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Descendants of Sylvester Stover

Generation No. 1

1. SYLVESTER1 STOVER was born 1634 in Ipswich Suffock, England, and died February 14, 1689 in Probably at sea. He married (2) ELIZABETH NORTON May 25, 1652 in York, Maine, daughter of HENRY NORTON and MARGARET. She was born 1631 in Cape Neddick, Maine, and died September 04, 1722 in Scituate, Plymouth, Massachusetts.

Notes for S
In 1680 John Heard of Dover sold rights to land in Cape Neddick to Sylvester Stover.

Sylvester was a ferryman from 1652 until 1687 when he left for England and never returned. Elizabeth, his wife, moved to Scituate, Massachusetts.

In 1649 Sylvester Stove, progenitor of one of York's oldest families, was granted, with three partners, a tract of land at the mouth of the Cape Neddick river, and they started the second large-sized fishery plant in Gorgeana.

William Hook, while Govenor or plantation manager of Agamenticus, in the absence of Edward Godfrey, used for a goat pasture the whole promontory from Long Sands to Short Sands. It was a convenient location for the purpose, requiring a fence across only one side, from one beach to the other, and had fresh water"spring by the pond". Henry Blaisdell, son of Ralph, the first family who came to York, but moved to Salisbury, Mass. and father of Ebenezer, who returned to live in York and was the ancestor of all the York Blaisdell's, deposed in 1700 that when he was a boy Mr. Hooke hired him to "keep goats for him upon his land called Cape Nedock Neck. In 1650 after he had moved to Salisbury, Hooke gave half of the Neck to John Alcock and John Heard on condition that it be used a Sa pasture. The given half came into the possession of Sylvester Stover, and was sold piece meal by his heirs, until the last parcel was disposed of around 1920 by heirs in the 7th generation.

Sylvester Stover had is home on the South West bank of the Cape Neddick River, a few rods above the present Passaconaway Bridge. He carried on his fishing business and was also a ferryman for the river and kept a tavern.

Last will and testament of Sylvester Stover taken from the court records and found in Maine Wills 1640-1760 on the Family Tree Maker Genealogy Library:

"This being the last Will and testament of the sd Silvester Stover liueing in Cap nadick belonging to york in the province of Maine in New England, who being bound by the grace of god into old England Doe here Giue and Will vnto my son John Stover my right and title that I haue in the Cape neck in Whole after the decease of my wife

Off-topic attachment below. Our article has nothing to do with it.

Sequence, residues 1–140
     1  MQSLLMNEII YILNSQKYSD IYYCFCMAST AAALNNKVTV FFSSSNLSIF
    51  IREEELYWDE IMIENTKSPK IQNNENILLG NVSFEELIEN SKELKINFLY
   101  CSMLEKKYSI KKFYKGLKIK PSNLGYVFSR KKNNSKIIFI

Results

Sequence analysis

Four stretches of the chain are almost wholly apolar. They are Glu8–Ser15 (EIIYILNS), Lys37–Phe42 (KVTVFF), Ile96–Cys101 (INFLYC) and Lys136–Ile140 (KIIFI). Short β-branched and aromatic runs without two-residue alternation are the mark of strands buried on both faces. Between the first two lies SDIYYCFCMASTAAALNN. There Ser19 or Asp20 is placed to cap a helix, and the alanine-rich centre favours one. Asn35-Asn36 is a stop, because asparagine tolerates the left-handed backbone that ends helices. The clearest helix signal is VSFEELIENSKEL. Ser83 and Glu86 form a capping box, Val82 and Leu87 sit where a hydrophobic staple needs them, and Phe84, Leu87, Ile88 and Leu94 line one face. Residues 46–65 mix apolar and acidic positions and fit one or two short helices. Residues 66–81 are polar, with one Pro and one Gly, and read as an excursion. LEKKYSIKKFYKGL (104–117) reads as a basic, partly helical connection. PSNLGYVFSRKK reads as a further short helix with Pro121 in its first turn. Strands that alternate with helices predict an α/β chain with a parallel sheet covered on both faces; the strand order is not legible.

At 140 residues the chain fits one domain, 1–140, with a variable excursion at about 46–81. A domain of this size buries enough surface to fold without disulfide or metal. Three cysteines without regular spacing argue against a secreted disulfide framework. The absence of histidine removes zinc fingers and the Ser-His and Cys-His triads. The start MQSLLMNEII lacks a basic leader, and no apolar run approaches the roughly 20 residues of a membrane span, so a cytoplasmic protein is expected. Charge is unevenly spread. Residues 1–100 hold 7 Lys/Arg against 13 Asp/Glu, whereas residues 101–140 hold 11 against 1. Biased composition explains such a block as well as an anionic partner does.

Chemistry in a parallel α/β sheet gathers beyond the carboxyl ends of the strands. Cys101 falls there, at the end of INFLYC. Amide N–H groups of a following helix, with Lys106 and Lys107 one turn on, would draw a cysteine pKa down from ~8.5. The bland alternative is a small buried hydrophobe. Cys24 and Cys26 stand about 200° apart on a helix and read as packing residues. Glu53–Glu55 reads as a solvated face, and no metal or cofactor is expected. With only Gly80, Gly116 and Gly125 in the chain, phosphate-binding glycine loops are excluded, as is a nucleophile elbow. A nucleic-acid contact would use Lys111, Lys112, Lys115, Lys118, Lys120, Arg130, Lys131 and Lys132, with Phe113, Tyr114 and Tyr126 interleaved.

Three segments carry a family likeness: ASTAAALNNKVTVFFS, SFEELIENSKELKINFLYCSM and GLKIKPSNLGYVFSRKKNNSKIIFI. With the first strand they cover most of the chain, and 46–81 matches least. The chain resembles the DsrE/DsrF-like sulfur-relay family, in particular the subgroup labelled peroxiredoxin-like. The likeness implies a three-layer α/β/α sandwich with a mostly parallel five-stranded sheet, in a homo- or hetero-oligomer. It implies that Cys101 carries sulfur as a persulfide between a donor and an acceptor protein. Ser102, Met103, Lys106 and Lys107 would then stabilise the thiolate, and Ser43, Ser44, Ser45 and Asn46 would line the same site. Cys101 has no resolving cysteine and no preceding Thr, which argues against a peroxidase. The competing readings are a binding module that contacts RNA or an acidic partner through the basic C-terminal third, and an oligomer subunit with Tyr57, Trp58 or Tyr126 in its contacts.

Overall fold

And I doe here confirme vnto my sone dependence Stover, Three score and ten acres of land where his house is vp the river lieing in Cape Nadick.

And to my sone Josiah Stover I giue to him the new pasture lieing vppon the right hand of the lane goeing from my house to yorke and so vppon the Slouthard side of the way to run west south west so farr as my bownes go. and the salt Marsh belonging to it lieing vp the river, after the decease of my wife.

And the houses and the rest of my land that is not Disposed of I will and Giue unto my sone George Stover and If my sone John Stover please he shall haue that Lobertie for to change with my sone George Stover for what land and houses which he haue at the Cape neck for that which my sone George Stover haue here after the decease of my wife.

And as for the Moueables I leaue to my wife for to Dispose amongst the rest of my children as shee see Good at her deease Wher vnto I here haue sett my hand and fixed my seale in the presence of

Signed Sealed
delivered in the presence of Sillvester Stover
ofNathhaniell Clayce
Henry Goddard

Sworn to by both attesting witnesses 14 Feby 1689-90; Inventory returned at ce731:07:00 by Elizabeth Stover, widow, 17 Feby 1689-90.

The English origin of this early settler, the ancestors of a laaarge and important family in the history of York, can be traced without much doubt to the county of Suffolk, England.
His life in York was uneventful. Beyond his appointmnet as ferryman at Cape Neddick River in 1652 he held no public office. He signed the Submisson in 1652; the petition to Cromwell, 1656; the address to Massachusetts, 1662, but otherwise took no active part in the political contovrsies of the period. His landed estate began with his acquistion of the share of his three paatners, and to this was added 70 acres near the higher falls of the Cape Neddick River and some small grants of marsh land towards the Wells line.
The court records afford more extended references to him. On June 25, 1655 Stover and his wife were presented by the grand jury for complaining of one another on the Lord's Day in the morning in saying that his wife di abuse him and bid him to go to Thomas Crocketts and carry some bread and cheese to his b.... In 1666 they were presented for not coming unto the meeting upon the Lord's Day about 6 weeks and in 1667 he wa scharged with neglect of the ferry, and offering Mr Hooke some abuse and for threatening to fight hi,. In 1650 he was listed among doubtful debtors of Robert Button of Boston.

More About S
Marriage: May 25, 1652, York, Maine
Child of S
2. i.   JOHN2 STOVER, b. 1655.
3. ii.   ELIZABETH2 STOVER, b. May 1651.
4. iii.   JOHN STOVER, JR., b. May 1653, York, Maine; d. April 12, 1748, York, Maine.
5. iv.   SARAH STOVER, b. 1656, York, Maine.
6. v.   DEPENDENCE STOVER, b. 1659, York, Maine; d. September 23, 1723, York, Maine.
7. vi.   JOSIAH STOVER STAFFORD, b. 1662; d. April 09, 1743, Tiverton, Rhode Island.
8. vii.   MARY STOVER, b. Abt. 1664, York, Maine.
9. viii.   DEBORAH STOVER, b. 1667, York, Maine; d. July 13, 1734, York, Maine.
10. ix.   GEORGE STOVER, b. 1668, York, Maine; d. September 25, 1753, York, Maine.
11. x.   HANNAH STOVER, b. August 17, 1670, York, Maine; d. June 21, 1731, Scituate, Massachusetts.

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